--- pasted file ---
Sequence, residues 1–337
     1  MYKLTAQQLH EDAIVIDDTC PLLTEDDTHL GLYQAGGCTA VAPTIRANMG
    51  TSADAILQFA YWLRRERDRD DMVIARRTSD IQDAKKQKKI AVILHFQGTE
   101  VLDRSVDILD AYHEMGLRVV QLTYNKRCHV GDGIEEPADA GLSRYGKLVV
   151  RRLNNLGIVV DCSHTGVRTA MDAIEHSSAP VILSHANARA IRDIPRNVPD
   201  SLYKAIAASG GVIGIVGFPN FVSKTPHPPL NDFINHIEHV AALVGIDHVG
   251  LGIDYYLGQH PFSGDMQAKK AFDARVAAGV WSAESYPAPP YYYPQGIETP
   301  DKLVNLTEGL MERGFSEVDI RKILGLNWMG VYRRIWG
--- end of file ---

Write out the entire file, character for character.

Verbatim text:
Sequence, residues 1–337
     1  MYKLTAQQLH EDAIVIDDTC PLLTEDDTHL GLYQAGGCTA VAPTIRANMG
    51  TSADAILQFA YWLRRERDRD DMVIARRTSD IQDAKKQKKI AVILHFQGTE
   101  VLDRSVDILD AYHEMGLRVV QLTYNKRCHV GDGIEEPADA GLSRYGKLVV
   151  RRLNNLGIVV DCSHTGVRTA MDAIEHSSAP VILSHANARA IRDIPRNVPD
   201  SLYKAIAASG GVIGIVGFPN FVSKTPHPPL NDFINHIEHV AALVGIDHVG
   251  LGIDYYLGQH PFSGDMQAKK AFDARVAAGV WSAESYPAPP YYYPQGIETP
   301  DKLVNLTEGL MERGFSEVDI RKILGLNWMG VYRRIWG